I suppose the startling thing about this year’s Top 100 Directors Survey is that there is nothing startling about it. After the last few years of turbulence, scandals, data protection initiatives and general upheaval, it is pretty astonishing that giving has remained fairly constant. Even those charities caught-up in major fundraising scandals have seen little change in the growth of their overall income.
And it’s not only among the very biggest charities. Those lower down the list have also seen steady growth, with all but two raising over £10m. Two years ago, ten of the 100 raised less than that benchmark.
Admittedly, these figures are taken from the 2016/17 tax year, so the fallout of the safeguarding scandals, for example, would not show up. However, Olive Cooke’s death was over three years ago. As was the Etherington Review and the fallout from that. Somehow, fundraisers have managed to ride this out and carried on carrying on. And for its part, the public has made its assessment of the tabloid fervour and chosen to keep giving.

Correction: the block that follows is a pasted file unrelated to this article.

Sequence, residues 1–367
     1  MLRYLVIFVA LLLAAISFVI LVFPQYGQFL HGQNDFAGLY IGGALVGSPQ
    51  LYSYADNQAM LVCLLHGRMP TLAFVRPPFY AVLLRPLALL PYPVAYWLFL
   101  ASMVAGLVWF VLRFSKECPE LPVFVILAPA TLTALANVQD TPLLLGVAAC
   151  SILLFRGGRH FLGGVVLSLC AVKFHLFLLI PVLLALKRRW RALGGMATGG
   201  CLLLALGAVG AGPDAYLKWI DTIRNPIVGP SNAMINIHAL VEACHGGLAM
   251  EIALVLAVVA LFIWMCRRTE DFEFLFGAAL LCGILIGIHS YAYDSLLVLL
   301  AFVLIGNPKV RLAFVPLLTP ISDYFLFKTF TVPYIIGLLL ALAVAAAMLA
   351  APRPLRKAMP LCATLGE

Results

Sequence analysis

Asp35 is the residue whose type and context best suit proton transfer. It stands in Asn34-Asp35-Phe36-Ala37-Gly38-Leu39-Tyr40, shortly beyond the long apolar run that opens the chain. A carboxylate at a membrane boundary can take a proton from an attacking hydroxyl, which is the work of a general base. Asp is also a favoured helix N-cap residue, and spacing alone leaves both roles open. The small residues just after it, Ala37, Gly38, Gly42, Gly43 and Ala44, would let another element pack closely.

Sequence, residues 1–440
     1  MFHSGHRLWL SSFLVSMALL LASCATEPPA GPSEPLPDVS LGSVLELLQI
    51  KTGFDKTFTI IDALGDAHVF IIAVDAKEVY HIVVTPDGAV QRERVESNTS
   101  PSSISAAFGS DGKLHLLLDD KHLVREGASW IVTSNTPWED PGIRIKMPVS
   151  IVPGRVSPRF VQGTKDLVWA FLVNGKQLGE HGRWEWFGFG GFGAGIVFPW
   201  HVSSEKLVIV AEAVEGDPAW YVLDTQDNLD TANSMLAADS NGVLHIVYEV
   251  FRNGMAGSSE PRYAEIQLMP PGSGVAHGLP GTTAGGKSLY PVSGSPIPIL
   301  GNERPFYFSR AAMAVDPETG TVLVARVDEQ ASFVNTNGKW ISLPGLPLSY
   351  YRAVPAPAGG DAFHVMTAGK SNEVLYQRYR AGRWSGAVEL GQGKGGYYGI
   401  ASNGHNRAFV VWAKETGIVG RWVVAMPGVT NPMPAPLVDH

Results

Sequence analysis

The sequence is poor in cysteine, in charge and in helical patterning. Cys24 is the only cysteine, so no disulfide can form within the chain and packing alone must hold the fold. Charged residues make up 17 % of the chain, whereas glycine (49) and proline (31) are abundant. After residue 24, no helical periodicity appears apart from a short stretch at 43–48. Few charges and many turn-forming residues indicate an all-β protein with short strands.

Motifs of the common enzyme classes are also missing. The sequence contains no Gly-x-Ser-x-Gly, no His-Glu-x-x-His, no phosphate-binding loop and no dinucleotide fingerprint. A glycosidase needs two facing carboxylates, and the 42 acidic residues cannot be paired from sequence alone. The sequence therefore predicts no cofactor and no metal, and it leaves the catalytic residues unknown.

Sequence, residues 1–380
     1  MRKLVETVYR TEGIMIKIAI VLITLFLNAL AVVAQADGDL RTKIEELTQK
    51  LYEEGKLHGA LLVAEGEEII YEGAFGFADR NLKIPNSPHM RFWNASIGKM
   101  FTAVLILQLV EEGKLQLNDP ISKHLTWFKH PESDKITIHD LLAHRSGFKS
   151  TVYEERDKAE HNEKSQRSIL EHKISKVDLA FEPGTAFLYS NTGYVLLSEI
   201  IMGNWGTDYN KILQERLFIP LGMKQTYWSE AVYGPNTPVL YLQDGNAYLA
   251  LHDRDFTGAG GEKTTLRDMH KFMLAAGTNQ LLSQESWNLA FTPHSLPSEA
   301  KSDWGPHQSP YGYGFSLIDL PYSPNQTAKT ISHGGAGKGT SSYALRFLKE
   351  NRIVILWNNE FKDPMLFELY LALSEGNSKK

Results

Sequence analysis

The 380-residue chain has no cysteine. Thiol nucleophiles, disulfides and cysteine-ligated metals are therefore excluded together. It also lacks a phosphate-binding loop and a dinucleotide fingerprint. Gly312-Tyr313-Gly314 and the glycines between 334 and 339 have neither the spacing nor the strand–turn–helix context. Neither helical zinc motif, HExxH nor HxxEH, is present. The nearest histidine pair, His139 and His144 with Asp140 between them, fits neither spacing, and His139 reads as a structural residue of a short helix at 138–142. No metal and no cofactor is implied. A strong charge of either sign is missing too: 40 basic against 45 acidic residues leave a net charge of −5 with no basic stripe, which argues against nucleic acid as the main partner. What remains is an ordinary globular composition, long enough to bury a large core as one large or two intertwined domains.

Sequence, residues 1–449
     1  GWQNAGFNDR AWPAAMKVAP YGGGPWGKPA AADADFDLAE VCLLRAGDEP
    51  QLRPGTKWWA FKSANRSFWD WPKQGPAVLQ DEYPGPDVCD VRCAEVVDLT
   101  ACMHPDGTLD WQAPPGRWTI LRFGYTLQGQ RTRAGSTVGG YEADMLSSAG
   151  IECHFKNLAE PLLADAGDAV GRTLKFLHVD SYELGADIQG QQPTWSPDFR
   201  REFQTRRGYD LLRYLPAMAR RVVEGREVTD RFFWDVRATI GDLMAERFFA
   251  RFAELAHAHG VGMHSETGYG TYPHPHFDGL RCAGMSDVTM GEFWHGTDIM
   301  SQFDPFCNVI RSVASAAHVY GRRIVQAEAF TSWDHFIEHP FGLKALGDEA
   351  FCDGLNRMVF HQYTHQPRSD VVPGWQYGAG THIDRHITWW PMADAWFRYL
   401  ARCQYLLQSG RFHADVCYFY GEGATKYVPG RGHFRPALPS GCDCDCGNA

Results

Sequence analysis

OK, so people aren’t giving proportionally more relative to income than they have done in the past, but they haven’t for 35 years, so that’s not really a surprise. And the donor pie in terms of numbers of people giving doesn’t appear to be getting bigger either. But even when uncertainty around Brexit looms and austerity continues to gnaw at the socio-economic fabric, people still give.
Other constants in the survey are not so welcome – diversity is still as poor as always and although women represent half of all senior roles, that is a shoddy reflection when compared with the nearly 70/30 split in junior fundraising roles. But equality is a slow process and fundraising is a big ship to turn. Hopefully by the next survey in 2021, there will be some advancement on this front.
On a final note, after four years of diligent service, Fundraising Magazine’s senior reporter Hugh Radojev is moving on. We wish him all the best and perhaps the upper echelons of the IoF and Fundraising Regulator will rest a little easier at night, now that that particular thorn has been plucked from their side.